Personalized-magazine app Zite has always done a good job of finding articles you might like to read on topics you care about, especially from sources you might not even know exist. But for a long time, its interface was pretty darn dowdy. That changed last December on iOS, with a slick update Zite has since refined. And now the new-and-improved Zite is arriving on Android.
(Full disclosure: Zite is owned by CNN, and is therefore a distant Time Warner corporate cousin of TIME.)
The basic idea hasn’t changed: Zite divvies up the news into 40,000 topics, and lets you find the ones of interest to you by hooking the app up to your Facebook, Twitter and/or Pocket accounts or adding subjects manually. But now the images associated with articles are larger, the formatting is more polished, the transitions are more fluid and it’s easier to navigate your way through everything with one thumb. The look and feel are mostly similar to the iPhone edition, with some Android-specific tweaks — most notably, a widget for your desktop.
Zite’s most obvious rival is Flipboard. Both feel like what magazines might be if they were invented in the 21st century and consisted of stuff rounded up from elsewhere rather than original material. But the differences between Zite and Flipboard are as striking as the similarities. Flipboard’s ambitions appear to be more far-flung: It’s great if you want to keep tabs on your favorite news sources and see what your friends are up to, and it’s lately begun letting its users compose their own magazines. Zite is less social and customizable, but provides plenty of good reading with very little work on the part of the user, and — for me, at least — includes more items from unexpected sources. I’ve got both on my phone, and can’t imagine not having one or the other at my fingertips.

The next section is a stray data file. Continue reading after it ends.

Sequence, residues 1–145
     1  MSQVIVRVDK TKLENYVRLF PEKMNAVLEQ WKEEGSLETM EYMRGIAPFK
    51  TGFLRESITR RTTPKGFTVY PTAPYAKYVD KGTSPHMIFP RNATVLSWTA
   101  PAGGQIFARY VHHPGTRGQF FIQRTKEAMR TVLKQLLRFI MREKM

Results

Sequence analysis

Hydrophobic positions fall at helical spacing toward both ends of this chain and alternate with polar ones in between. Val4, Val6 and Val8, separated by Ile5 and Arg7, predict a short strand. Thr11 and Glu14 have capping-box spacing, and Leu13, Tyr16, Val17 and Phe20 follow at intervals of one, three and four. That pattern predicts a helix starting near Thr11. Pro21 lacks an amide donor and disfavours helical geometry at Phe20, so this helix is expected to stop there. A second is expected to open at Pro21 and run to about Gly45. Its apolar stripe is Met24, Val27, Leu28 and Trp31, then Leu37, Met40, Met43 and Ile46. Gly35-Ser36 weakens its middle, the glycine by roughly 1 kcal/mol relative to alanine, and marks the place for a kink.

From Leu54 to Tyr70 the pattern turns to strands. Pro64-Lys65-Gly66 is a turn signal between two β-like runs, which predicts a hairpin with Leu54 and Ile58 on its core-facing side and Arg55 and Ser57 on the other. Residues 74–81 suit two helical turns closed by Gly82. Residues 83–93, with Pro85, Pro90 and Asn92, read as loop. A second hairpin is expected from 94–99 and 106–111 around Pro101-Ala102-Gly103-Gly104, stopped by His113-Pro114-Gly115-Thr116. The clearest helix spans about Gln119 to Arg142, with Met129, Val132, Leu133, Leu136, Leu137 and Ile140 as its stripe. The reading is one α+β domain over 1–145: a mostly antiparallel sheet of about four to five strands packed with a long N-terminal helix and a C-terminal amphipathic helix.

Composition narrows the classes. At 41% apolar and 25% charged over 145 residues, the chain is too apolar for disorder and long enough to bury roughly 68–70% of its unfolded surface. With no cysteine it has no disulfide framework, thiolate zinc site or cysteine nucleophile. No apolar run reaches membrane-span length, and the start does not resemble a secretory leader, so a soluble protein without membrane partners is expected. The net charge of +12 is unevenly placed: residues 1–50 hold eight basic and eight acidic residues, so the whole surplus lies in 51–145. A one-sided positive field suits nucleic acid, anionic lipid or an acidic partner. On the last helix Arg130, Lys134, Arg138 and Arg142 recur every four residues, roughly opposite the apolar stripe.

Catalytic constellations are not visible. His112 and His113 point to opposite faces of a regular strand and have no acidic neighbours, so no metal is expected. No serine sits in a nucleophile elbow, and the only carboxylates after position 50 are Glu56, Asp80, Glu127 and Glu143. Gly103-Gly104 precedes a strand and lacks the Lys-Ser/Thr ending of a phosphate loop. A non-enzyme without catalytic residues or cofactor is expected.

In other Zite news, the company is launching an app for a platform almost nobody has yet: Google Glass.
Like just about all of the companies that have jumped on the Glass bandwagon already, Zite is doing so less as a hard-nosed business decision than out of personal passion and a desire to be part of one possible future of man-machine interaction as soon as possible. In this instance, the passionate person is Zite CEO Mark Johnson, who’s part of the Glass Explorer early-adopter program and says that he’s as excited about Google’s augmented-reality goggles as any new gadget category in years.
“This is not a consumer-ready device, but it’s clear it will be soon,” Johnson told me.
As with other early Glass apps, Zite’s first version has a proof-of-concept feel to it: It lets you tap your way through headlines and images, displayed on the tiny display you can see out of the corner of your eye while wearing Glass. You can choose to have any story read to you by Glass’s text-to-speech feature.
That’s it for now, but Johnson says that it would be logical for a Glass-optimized Zite experience to involve alerts notifying the user to breaking news in personalized categories. With Google Glass not due to arrive in a commercial version anyone can buy until some time next year, Zite has plenty of time for further experimentation.